If the court agree to issue a distress warrant, they will direct
the warrant to the named, certificated bailiff or, exceptionally,
to the police.
The warrant empowers the bailiff to collect the amount shown on the order for payment together with his fees for executing the warrant.
The bailiff can enforce the warrant by levying and removing goods, or may agree an instalment arrangement with the debtor.
To prevent unnecessary bailiff activity and the possibility of complaints, you should have agreed with the bailiff that they phone or fax you a list of HMRC debts on the day of their call to ensure that no payments have been received.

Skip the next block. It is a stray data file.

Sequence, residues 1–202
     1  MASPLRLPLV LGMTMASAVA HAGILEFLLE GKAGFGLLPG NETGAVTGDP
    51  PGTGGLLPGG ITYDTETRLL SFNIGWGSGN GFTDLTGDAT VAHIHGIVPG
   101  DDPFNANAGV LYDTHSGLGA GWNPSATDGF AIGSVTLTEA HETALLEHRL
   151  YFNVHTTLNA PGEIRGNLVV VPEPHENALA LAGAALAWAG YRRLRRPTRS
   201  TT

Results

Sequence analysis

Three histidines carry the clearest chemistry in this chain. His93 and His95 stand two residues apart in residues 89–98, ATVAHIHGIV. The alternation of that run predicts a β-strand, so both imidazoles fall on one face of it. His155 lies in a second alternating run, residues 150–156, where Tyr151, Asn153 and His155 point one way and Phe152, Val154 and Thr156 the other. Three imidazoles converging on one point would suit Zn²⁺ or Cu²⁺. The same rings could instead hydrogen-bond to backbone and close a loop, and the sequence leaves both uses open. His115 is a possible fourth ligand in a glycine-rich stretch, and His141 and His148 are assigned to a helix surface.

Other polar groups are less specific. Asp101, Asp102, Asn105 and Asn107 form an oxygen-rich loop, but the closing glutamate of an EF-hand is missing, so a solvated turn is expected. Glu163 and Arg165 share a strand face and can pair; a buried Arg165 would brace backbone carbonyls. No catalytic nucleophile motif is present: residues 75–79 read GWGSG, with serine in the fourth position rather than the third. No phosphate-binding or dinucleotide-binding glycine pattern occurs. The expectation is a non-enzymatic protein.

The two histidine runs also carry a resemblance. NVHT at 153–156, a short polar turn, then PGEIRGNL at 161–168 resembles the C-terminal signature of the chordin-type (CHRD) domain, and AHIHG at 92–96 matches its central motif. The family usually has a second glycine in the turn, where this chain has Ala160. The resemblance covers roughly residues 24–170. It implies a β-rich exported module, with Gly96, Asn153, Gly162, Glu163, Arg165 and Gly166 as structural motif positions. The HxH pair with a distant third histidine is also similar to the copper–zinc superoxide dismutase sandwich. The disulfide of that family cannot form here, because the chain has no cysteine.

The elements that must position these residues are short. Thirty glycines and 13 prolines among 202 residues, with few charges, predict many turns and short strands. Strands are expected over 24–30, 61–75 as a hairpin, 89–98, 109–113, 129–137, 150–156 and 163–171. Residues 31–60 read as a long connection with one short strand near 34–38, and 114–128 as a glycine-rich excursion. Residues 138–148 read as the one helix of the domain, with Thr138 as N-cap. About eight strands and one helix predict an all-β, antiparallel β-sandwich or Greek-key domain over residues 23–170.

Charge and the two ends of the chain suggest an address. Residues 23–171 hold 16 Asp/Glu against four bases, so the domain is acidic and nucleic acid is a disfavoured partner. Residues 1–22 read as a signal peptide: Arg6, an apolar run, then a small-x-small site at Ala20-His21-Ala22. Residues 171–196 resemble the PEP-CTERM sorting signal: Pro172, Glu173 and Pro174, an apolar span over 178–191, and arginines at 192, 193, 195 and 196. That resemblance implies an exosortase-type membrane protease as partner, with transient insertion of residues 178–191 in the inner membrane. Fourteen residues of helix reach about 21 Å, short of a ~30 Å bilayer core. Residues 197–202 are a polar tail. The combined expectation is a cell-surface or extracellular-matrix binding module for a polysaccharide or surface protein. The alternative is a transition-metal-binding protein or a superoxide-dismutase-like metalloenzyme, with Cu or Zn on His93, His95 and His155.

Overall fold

Similarly you should agree that he does not pursue the debtor for his charges if the debtor can prove payment has been made. In such circumstances the bailiff should refer to your office as in ‘Adjustments and objections after a distress warrant has been issued - no duty remains payable’ ( DMBM660660).
Once a distress warrant has been issued the debtor should pay the debt and accrued costs and charges to the bailiff executing it only. The bailiff will arrange for the duty and costs to be sent to you in due course.
When you receive payment from the bailiff and the debtor has requested a receipt, send the receipt direct to the debtor.
You should not accept payment from the debtor whilst a warrant is in force, but instead refer the debtor to the bailiff.
You will not be notified if a debtor makes a payment direct to Banking Operations.